Australasian Spartacist No. 212

Autumn 2011


Down With Imperialist Provocations! Defend North Korea and China!

In a calculated provocation directed against both North Korea and China, in late November last year the U.S. dispatched the nuclear aircraft carrier USS George Washington along with other warships for a joint exercise with its South Korean junior partners in the Yellow Sea. This brazen display of imperialist military force came less than a week after a South Korean naval exercise prompted an exchange of artillery fire in nearby waters off North Korea’s coast. North Korea’s shelling of the garrison island of Yeonpyeong resulted in the deaths of four South Koreans, including two civilians. U.S. president Barack Obama responded by openly threatening North Korea, declaring its regime to be “a serious and ongoing threat that has to be dealt with.” Adding to this imperialist sabre-rattling Australia’s foreign affairs minister, Kevin Rudd, railed that North Korea has a history of “being exceptionally provocative towards the South” and “represents not just a threat to stability on the Korean Peninsula but more widely across East Asia, and that includes Australia” (Lateline, 23 November 2010).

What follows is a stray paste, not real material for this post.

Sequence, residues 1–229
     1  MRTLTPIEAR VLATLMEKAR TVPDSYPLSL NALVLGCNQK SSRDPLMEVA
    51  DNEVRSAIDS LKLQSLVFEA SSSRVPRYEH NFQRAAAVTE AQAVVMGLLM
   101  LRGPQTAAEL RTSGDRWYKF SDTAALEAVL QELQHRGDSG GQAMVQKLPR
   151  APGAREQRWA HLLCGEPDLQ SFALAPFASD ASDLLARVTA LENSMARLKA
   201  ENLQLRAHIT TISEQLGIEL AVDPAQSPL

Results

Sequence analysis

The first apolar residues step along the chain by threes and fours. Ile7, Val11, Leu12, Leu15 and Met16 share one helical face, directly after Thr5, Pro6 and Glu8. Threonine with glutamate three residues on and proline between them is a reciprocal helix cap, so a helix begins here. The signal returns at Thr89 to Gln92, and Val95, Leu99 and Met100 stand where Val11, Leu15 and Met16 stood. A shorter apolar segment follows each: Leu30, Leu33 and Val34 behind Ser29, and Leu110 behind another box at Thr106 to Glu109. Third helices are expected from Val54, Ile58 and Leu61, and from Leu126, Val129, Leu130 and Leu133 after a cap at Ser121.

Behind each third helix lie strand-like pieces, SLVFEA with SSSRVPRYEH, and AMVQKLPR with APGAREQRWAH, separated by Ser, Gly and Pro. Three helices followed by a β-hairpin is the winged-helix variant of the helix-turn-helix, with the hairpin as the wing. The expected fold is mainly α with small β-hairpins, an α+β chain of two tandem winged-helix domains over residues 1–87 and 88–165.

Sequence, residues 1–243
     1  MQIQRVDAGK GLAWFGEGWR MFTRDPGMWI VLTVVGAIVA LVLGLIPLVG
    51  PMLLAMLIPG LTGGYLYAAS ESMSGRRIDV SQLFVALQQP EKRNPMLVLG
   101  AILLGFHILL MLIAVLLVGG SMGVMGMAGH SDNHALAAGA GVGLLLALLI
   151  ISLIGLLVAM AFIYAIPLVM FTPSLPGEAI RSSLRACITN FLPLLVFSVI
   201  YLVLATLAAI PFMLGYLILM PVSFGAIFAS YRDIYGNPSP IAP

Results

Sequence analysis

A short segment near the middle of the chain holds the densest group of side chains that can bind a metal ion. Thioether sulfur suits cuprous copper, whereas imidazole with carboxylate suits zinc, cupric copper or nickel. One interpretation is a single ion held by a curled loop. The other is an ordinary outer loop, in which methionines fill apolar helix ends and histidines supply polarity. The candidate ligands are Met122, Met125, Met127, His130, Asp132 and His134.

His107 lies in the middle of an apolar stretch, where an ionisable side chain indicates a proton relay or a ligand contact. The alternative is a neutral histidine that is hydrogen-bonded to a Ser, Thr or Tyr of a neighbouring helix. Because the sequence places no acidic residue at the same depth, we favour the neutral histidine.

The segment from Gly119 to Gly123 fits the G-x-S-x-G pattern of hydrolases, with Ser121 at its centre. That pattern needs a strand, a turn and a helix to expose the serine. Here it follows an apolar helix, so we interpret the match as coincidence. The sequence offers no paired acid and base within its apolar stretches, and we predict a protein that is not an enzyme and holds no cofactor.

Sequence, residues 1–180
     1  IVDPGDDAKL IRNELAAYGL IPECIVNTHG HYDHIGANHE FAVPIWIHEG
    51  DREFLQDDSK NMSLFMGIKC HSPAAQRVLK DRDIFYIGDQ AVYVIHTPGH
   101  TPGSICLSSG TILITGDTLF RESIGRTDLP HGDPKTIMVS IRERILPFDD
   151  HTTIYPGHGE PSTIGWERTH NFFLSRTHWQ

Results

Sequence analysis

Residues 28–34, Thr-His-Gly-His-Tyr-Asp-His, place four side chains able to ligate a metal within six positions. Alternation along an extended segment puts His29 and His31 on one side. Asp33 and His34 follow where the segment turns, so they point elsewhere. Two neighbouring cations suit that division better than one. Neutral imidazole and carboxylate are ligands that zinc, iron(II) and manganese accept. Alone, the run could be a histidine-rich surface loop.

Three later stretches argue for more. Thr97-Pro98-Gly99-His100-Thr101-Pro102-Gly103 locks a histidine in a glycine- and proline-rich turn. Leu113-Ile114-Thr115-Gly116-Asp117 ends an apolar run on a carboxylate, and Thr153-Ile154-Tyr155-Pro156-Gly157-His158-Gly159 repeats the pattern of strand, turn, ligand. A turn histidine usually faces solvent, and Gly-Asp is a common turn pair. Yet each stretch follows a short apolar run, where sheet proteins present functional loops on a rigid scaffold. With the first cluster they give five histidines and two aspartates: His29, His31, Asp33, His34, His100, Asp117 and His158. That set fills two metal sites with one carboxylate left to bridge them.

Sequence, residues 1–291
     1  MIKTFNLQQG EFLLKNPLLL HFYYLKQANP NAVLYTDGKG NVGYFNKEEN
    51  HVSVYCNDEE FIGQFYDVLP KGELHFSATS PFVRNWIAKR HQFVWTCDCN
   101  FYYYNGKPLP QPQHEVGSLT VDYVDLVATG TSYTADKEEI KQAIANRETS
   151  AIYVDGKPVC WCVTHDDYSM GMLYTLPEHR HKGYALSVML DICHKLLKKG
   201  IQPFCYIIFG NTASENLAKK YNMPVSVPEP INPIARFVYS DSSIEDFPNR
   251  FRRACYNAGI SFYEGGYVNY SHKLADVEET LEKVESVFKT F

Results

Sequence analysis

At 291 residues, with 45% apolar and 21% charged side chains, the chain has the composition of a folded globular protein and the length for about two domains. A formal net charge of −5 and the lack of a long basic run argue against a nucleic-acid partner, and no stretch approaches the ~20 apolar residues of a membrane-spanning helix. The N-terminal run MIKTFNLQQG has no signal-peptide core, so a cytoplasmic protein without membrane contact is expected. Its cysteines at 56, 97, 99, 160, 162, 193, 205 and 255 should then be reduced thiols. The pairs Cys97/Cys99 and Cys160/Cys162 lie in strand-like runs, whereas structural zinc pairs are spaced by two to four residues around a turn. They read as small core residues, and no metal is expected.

It is in the vital interest of the proletariat internationally to defend North Korea, a bureaucratically deformed workers state, against U.S. and Australian imperialism and the South Korean capitalist rulers. It is the imperialists and their lackeys who are an ongoing, deadly threat to Asia’s working people. U.S. imperialism carried out the atomic incineration of 200,000 people in the Japanese cities of Hiroshima and Nagasaki in 1945. U.S. imperialism and its allies, including Australia, went on to slaughter some three million Koreans in the 1950-53 Korean War and another three million Vietnamese in the 1960s and ’70s in failed efforts to crush social revolutions. Among the crimes of Japanese imperialism was its brutal 40-year colonial occupation of Korea, which ended with Japan’s defeat in World War II. In the aftermath of the war, the northern part of the Korean peninsula was liberated from capitalist rule through a social revolution carried out under the protection of Soviet troops.